Relation between quantum computer and quantum field theory?

In summary, the conversation discusses the relationship between quantum computing and quantum field theory. Quantum field theory is a more comprehensive version of quantum mechanics and is often used in practical implementations of quantum computing. While quantum mechanics is a subset of quantum field theory, it may not always be enough to accurately describe more complex systems. This is why quantum computing may require a more complicated theory such as quantum field theory to maintain quantum coherence.
  • #1
erkant
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I'm a computer science and engineering student, who has recently developed interest about quantum computers. I can understand that quantum computers are totally linked with quantum mechanics. But I would like to learn whether there is any relation between quantum computing and quantum field theory? If someone can highlight me the differences between quantum mechanics and quantum field theory, and the possible relations of it with quantum computing, I would be glad.
 
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  • #2
Quantum field theory is a relativistic generalization of quantum mechanics. I.e. it incorporates both quantum and relativistic effects.

Quantum computing in principle could be done in plain QM. However, all practical implementations of quantum computing I have seen used the mathematics of QFT. I.e. the braid groups.

Quantum mechanics is a subset of quantum field theory, in a sense. It explains only a limited number od phenomena. If you find a way to do quantum computing on a system that can be described by QM, it would suffice. However, most systems are not that simple.

In the real world, maintaining quantum coherence is tricky, so we can expect that the system that keeps the coherence for the long time enough will need a rather complicated theory to be described. QM may not be enough in this case.
 
  • #3
Thank you very much haael for a great explanation.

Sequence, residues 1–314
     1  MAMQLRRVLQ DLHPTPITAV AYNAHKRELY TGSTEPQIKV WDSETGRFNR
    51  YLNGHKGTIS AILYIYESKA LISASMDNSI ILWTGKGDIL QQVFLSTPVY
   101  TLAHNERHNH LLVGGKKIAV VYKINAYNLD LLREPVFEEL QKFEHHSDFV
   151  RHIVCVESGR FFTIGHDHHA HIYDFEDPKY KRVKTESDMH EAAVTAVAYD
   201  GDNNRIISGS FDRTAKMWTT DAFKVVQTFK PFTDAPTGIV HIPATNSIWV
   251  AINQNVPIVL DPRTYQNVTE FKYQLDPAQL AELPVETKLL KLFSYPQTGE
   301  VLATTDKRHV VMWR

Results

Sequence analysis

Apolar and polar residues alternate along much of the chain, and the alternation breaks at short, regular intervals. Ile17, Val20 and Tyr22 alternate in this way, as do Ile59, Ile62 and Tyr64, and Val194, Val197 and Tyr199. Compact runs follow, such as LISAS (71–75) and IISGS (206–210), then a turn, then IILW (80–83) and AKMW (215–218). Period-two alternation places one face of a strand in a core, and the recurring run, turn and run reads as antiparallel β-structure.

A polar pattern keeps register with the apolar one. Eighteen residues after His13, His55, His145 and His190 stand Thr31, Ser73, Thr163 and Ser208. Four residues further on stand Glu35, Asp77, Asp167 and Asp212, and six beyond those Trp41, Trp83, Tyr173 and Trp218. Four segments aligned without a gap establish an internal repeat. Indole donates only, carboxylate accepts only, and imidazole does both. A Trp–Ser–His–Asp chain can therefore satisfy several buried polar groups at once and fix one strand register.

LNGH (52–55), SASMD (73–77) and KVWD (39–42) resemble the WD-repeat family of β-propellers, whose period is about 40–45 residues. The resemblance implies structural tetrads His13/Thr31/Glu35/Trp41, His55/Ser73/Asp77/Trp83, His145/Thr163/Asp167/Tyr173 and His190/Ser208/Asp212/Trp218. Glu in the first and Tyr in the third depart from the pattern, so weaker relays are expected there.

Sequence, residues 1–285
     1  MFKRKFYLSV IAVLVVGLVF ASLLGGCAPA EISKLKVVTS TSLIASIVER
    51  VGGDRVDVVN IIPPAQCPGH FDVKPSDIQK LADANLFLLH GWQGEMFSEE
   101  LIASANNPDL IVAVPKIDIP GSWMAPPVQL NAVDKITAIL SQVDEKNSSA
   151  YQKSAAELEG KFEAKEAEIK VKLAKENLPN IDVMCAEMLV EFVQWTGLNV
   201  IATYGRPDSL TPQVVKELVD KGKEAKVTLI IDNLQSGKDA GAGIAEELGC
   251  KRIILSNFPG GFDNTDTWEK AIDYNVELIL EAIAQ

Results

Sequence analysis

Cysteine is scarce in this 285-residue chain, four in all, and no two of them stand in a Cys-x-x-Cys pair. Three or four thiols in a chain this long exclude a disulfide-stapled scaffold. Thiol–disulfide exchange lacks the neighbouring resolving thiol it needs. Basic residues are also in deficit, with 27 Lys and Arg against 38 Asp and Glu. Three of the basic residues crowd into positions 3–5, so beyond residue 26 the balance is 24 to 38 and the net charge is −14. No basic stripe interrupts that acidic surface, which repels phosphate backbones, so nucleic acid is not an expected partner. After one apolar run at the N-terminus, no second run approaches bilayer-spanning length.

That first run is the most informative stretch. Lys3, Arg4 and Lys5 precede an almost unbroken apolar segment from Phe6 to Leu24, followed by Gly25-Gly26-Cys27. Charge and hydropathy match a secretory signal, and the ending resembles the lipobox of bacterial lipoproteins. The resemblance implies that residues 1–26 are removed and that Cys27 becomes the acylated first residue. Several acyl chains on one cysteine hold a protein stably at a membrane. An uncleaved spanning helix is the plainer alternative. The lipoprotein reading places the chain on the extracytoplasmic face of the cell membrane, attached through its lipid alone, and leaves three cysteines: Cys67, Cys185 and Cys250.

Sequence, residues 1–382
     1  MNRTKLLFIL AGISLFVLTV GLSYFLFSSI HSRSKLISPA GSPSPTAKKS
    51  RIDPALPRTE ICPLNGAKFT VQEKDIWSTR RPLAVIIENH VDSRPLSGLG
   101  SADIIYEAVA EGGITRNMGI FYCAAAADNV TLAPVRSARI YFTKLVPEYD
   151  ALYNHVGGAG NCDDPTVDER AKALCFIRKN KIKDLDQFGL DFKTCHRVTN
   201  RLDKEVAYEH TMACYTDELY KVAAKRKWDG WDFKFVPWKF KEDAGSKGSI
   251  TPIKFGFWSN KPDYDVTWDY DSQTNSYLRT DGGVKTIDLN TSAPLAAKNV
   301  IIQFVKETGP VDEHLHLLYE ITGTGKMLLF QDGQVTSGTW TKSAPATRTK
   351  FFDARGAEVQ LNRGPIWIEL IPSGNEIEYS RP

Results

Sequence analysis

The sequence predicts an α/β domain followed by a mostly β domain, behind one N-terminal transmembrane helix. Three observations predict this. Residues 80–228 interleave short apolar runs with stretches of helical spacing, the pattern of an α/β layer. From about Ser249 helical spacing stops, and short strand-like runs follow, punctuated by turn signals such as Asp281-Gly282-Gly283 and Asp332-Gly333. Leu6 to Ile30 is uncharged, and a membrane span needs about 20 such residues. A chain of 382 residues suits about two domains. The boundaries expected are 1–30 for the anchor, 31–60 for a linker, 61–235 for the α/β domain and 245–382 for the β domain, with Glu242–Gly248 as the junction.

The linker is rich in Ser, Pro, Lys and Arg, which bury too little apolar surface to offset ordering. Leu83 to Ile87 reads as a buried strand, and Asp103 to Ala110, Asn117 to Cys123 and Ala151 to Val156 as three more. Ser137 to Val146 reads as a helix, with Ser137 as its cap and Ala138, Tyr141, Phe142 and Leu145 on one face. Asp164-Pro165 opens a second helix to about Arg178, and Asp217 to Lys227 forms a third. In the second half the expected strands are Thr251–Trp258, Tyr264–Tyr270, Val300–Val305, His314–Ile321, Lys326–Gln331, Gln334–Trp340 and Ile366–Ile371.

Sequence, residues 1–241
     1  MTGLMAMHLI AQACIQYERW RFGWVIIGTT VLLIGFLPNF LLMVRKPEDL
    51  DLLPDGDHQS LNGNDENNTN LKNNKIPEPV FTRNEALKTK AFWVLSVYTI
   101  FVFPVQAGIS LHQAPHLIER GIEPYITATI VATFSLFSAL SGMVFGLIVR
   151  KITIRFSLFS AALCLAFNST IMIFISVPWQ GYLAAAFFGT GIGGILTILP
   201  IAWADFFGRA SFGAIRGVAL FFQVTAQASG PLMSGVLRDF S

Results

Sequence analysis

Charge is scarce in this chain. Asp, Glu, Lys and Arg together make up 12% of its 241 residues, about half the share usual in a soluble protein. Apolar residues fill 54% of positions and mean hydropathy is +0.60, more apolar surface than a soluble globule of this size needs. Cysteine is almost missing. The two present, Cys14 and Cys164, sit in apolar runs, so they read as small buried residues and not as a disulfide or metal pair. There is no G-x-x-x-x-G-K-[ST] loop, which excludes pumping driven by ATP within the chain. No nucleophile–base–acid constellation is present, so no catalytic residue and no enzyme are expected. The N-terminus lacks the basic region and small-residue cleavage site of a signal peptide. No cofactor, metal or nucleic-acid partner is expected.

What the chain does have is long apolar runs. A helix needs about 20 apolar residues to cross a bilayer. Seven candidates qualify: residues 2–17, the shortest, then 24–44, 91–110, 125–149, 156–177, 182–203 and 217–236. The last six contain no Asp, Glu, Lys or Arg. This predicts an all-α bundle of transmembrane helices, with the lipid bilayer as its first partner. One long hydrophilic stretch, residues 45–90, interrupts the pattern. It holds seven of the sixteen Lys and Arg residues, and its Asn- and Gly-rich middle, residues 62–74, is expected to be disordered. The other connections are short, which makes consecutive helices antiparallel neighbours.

Question 1: How does quantum field theory relate to quantum computing?

Quantum field theory is a theoretical framework used to describe the behavior of particles at the quantum level. Quantum computing, on the other hand, is a technology that utilizes the principles of quantum mechanics to perform computations. While both involve quantum mechanics, quantum field theory focuses on the behavior of particles in a field, whereas quantum computing deals with manipulating and processing information using quantum bits (qubits).

Question 2: Can quantum computers be used to simulate quantum field theories?

Yes, quantum computers have the potential to simulate certain aspects of quantum field theories. This is because quantum computers are better equipped to handle the complex calculations involved in simulating quantum systems. However, the current capabilities of quantum computers are limited and not yet able to fully simulate all aspects of quantum field theories.

Question 3: What role does entanglement play in the relation between quantum computers and quantum field theory?

Entanglement is a fundamental property of quantum mechanics that allows particles to be connected and share information even when separated by large distances. In the context of quantum computing and quantum field theory, entanglement plays a crucial role in the quantum algorithms used to simulate and analyze quantum field theories. It allows for the efficient processing and manipulation of large amounts of quantum information.

Question 4: Are there any real-world applications of the relation between quantum computers and quantum field theory?

Yes, there are potential applications of quantum computing and quantum field theory in various fields such as physics, chemistry, and machine learning. For example, quantum computers could potentially be used to simulate and study the behavior of complex materials and molecules, leading to advancements in drug development and materials science.

Question 5: Are there any challenges in combining quantum field theory and quantum computing?

Yes, there are several challenges in combining quantum field theory and quantum computing. One major challenge is the limited capabilities of current quantum computers, which are not yet powerful enough to fully simulate quantum field theories. Another challenge is the difficulty in translating the mathematical formalism of quantum field theory into a form that can be processed by quantum computers. Additionally, there are still many unanswered questions and debates surrounding the precise relationship between quantum field theory and quantum computing.

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